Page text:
So, the stock turbo was restricted to 10.5psi boost. That, I’m told, more than doubles if you unhook the brown wire from the engine management unit in the tail. This, with one or two other subtle mods, is supposed to switch the tuning to ‘race’ mode and we’re told the difference is staggering. If only you could do the same with the brakes.

The turbo Zed is far from perfect but it does the one thing any bike worth its petrol should do, which is put a dirty great grin on your face when you ride it…


See our 750 Turbo model profile here

Kawasaki z1000tc

The other Kwaka turbo
Though not sanctioned by head office, there was a previous Kawasaki turbo, called the Z1000TC. This was developed in the USA from 1978, by former Kawasaki marketing director Alan Masek. It employed a Rayjay turbo unit and was sold through a small number of Kawasaki dealers. Some examples have made it to this country.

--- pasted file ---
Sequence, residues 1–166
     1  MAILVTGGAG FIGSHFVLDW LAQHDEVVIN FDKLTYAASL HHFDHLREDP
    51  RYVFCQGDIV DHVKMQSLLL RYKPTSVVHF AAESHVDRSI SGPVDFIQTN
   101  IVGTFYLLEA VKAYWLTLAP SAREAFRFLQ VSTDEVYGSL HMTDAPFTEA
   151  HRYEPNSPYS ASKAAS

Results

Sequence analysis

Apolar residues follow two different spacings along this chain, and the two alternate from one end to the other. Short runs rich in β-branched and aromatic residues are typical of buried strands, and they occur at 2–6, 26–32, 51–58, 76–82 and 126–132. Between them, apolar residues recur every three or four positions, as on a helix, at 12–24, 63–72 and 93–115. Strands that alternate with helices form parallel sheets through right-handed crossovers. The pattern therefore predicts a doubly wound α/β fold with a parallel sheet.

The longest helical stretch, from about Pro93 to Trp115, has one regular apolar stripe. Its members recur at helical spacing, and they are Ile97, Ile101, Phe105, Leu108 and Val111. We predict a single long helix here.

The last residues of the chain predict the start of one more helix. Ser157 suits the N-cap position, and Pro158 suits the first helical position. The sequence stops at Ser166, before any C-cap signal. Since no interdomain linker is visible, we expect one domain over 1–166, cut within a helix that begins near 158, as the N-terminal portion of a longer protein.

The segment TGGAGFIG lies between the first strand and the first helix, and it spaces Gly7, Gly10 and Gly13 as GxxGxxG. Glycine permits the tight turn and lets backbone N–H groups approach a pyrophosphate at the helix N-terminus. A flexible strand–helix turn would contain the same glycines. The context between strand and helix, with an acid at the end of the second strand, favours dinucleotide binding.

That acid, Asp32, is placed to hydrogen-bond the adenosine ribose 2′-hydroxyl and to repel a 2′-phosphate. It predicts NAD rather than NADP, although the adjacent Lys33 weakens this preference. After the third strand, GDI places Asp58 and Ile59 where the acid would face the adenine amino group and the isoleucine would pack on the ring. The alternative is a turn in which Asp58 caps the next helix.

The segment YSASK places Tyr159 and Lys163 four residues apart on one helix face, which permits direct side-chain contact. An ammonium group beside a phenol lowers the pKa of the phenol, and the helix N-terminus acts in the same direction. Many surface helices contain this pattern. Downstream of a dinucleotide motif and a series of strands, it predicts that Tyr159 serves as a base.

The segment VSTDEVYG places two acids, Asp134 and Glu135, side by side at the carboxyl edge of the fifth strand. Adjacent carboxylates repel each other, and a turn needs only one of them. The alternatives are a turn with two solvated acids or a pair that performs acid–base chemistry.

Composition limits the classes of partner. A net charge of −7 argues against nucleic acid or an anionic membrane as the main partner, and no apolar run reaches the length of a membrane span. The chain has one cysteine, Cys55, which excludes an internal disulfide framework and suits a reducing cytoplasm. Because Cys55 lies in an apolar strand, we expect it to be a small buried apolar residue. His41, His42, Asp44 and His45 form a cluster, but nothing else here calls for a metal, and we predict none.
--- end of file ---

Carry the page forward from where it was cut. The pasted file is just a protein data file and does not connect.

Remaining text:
The original batch of 250 was done in the silver livery of the host bike, while a further 250 was completed in the now famous colurful graphics shown above, which were designed by Rollin 'Molly' Sanders.

Performance was said to be a 220km/h top speed with a 10.9sec quarter mile time.

Just to confuse matters, Kawasaki New Zealand is said to have imported 13 of the kits and fitted them to Z1-Rs, this creating the Z1-R1000TC.

See more on the Z1-R series, including the turbos, here.

Kawasaki Turbo

Kawasaki Z750E turbo

Type: air-cooled in-line four with two valves per cylinder
Bore and Stroke: 66 x 54mm
Displacement: 738cc
Compression ratio: 7.8:1
Fuel system: digital fuel injection with turbocharger

Type: 5-speed constant mesh
Final drive: chain

Frame type: Twin-loop steel
Front suspension: 37mm fork, air preload, adjustable anti-dive
Rear suspension: monoshock, air preload, adjustable rebound
Front brakes: twin 1-piston 280mm twin discs
Rear brake: 1-piston, 270mm disc

Dry weight: 233kg
Seat height: 780
Fuel capacity: 17lt

Max power: 112hp @ 9000rpm
Max torque: 99.1Nm @6500rpm
Top Speed: 220km/h

Price when new: $4900 plus ORC (Australia)


Fast for its day

Not so good
Woeful brakes
Gothic handling

Kawasaki Turbo

Kawasaki Turbo

Kawasaki Turbo

Kawasaki Turbo

Kawasaki Turbo

Kawasaki Turbo

Kawasaki Turbo

Kawasaki Turbo